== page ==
Tag Archives: electric cars

The Hulu Model as applied to Transportation, by Eric Rivers

Who wants to own a car or anything else when you can pay for things offered as a service that you pay for over and over again? From Eric Rivers at ericriversautos.com:

The car companies plan to stop selling cars in favor of selling “transportation” – as a “service” – instead.

The main reason for this reorientation of their business model is simple: People increasingly cannot afford to buy cars – the average transaction price is now about $35,000 which is  a sum roughly equivalent to half the average American family’s annual income and thus, not sustainable as a purely financial matter.

Meanwhile, cars – themselves – are becoming soul-less appliances very much like cell phones in terms of their interchangeable homogeneity and their disposability.

People are for that reason losing interest in them.

But cars are very much unlike  cell phones in one critical way: their cost. It’s one thing to throw away a smartphone after a year or two; another to do the same with a $35k car after four or five. This problem is going to get much worse, very soon – for two more reasons.

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The Lessons of I-95, by Eric Peters

What do you do when an EV’s battery runs down after an hour or two and you’re stranded for 12 to 20 hours in something like the recent I-95 nightmare. From Eric Peters at ericpetersautos.com:

A few days ago, Virginia – home to this writer – was hammered by a sudden-onslaught blizzard that dumped almost a foot of snow along the I-95 corridor, the name we Virginians use to reference the stretch of Interstate 95 that runs from Richmond up to Northern Va, near DC – before it threads up the east coast to New York and beyond.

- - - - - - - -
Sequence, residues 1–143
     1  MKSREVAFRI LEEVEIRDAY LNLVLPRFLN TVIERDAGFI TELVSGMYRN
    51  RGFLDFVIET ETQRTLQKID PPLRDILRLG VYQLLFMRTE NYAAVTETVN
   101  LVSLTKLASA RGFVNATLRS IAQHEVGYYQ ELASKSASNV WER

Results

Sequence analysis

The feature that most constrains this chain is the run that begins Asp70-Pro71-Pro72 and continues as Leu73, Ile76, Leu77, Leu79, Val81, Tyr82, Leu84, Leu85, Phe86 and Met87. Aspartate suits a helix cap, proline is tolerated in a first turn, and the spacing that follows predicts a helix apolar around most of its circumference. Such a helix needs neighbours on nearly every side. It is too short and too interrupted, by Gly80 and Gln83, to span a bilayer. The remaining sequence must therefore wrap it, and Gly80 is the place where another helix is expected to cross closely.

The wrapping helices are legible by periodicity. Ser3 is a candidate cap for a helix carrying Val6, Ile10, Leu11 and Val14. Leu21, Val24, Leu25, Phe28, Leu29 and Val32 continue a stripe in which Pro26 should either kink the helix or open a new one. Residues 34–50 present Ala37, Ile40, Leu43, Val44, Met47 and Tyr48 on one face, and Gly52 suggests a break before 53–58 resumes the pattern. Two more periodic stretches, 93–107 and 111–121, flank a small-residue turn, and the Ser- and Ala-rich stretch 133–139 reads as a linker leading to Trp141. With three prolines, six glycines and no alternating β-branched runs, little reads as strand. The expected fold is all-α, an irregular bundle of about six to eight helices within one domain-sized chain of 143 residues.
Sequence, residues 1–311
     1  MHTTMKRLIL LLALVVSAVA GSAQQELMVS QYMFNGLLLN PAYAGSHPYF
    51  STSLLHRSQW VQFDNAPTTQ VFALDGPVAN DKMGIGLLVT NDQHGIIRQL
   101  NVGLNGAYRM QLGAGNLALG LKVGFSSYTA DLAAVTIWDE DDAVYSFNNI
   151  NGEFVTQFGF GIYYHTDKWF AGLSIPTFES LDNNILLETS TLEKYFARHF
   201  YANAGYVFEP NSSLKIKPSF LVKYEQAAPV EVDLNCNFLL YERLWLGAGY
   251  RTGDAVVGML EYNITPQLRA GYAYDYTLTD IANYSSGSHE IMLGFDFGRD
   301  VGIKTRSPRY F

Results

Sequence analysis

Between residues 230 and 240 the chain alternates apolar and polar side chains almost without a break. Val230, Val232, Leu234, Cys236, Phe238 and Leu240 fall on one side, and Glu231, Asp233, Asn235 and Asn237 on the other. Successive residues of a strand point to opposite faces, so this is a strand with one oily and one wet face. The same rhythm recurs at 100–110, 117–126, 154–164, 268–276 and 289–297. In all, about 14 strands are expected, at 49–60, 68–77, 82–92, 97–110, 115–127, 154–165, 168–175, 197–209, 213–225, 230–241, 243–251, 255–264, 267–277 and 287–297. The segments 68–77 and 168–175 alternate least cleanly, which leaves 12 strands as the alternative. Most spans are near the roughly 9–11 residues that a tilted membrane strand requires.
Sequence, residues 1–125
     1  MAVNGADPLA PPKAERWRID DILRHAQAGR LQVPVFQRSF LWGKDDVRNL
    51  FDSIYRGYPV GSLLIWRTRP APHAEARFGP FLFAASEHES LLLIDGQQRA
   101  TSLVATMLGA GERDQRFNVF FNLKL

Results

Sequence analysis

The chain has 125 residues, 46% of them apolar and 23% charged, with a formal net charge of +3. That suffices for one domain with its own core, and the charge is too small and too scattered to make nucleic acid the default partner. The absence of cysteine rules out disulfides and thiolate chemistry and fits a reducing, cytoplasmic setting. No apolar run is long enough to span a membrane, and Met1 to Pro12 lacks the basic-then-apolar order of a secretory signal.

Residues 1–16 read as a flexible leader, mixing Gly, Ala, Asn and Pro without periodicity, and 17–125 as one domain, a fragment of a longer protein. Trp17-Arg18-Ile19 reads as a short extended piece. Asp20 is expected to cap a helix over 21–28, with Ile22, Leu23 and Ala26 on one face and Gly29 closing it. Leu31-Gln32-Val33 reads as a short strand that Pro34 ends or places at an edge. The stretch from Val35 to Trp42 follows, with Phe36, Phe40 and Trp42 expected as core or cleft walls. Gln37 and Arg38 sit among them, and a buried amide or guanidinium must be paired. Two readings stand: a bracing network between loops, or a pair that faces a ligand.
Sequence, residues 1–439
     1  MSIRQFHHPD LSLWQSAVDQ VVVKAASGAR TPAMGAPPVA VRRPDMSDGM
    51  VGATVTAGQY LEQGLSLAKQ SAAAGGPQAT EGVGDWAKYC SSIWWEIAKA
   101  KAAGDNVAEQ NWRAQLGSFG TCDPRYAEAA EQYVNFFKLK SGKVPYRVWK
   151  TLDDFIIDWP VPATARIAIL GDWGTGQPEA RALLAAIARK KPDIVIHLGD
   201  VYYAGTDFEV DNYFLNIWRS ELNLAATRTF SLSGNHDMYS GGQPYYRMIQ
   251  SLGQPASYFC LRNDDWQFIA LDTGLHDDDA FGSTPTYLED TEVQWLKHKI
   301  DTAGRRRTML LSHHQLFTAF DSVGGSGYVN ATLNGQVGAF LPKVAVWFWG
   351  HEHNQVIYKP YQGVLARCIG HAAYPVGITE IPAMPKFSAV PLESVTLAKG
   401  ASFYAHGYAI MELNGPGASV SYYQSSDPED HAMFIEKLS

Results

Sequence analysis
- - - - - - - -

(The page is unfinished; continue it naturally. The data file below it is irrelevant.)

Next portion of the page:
The snow was so fierce and heavy it paralyzed traffic on I-95, which became a kind of extended parking lot for much of the distance between Richmond and Northern Virginia, which is more than 100 miles.

Thousands of drivers were stuck inside their cars, for as long as 27 hours – which is more than one full day, if you’re counting. This is extremely inconvenient – as well as uncomfortable, assuming your car isn’t an RV with beds in the back and cable TV.

It could be something else – if your car happens to be electric.

EVs don’t like sudden, unplanned things – because they’re more likely to be not ready for them – since it takes them hours to charge, if not plugged in to a “fast” charger – and none of these are at home. You have to drive to where they are.

This is hard to do if you can’t drive to where they are.

Back-up electricity for EVs is also harder to store – and much less portable. If the power goes out because of a snowstorm and you have a five gallon jug of gas in the garage or shed, you can drive your car – your not-electric car – about 100 miles, easily, even if it’s a “gas guzzler.” Easy to find more gas along the way.

If the the power goes off and your energy hog EV (a Tesla carries around 1,000 pounds of battery pack, necessary to deliver the touted “ludicrous” speed) is empty, it will be harder to find a can of kilowatts.